- Improvements in household welfare resulting from better access to higher-paying jobs, a wider selection of competitively priced consumer goods, additional housing and healthcare options, and improved mobility for residents without access to private vehicles.
- Gains in local, regional and state economies due to improved regional economic competitiveness, which stimulates population and job growth.
- Increased leisure/tourism and business travel resulting from the enhanced condition and reliability of a region’s transportation system.
- A reduction in economic losses from vehicle crashes, traffic congestion and vehicle maintenance costs associated with driving on deficient roads.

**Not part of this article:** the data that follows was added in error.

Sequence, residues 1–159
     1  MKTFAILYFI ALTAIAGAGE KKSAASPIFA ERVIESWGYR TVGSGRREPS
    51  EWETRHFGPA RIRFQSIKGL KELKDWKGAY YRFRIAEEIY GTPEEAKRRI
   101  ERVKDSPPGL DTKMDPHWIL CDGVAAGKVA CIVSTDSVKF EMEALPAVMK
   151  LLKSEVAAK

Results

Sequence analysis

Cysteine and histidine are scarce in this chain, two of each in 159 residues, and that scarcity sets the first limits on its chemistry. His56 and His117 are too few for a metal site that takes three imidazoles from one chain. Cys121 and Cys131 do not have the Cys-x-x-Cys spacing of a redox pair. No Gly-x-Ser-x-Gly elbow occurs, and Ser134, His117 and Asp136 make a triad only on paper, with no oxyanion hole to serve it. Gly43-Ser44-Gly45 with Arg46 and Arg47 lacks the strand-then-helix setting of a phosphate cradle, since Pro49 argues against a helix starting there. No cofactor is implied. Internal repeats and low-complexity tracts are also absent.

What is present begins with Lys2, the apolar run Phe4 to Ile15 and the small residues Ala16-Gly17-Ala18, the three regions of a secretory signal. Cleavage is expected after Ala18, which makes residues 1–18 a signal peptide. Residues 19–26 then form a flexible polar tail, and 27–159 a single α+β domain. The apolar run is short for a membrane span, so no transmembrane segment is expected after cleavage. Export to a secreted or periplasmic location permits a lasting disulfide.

- The creation of both short-term and long-term jobs.
- Transportation projects that expand roadway or transit capacity produce significant economic benefits by reducing congestion and improving access, thus speeding the flow of people and goods while reducing fuel consumption.
- Transportation projects that maintain and preserve existing transportation infrastructure also provide significant economic benefits by improving travel speeds, capacity, load-carry abilities and safety, and reducing operating costs for people and businesses. Such projects also extend the service life of a road, bridge or transit vehicle or facility, which saves money by either postponing or eliminating the need for more expensive future repairs.
- Site Selection magazine’s 2010 survey of corporate real estate executives found that transportation infrastructure was the third most important selection factor in deciding in site location decisions, behind only work force skills and state and local taxes.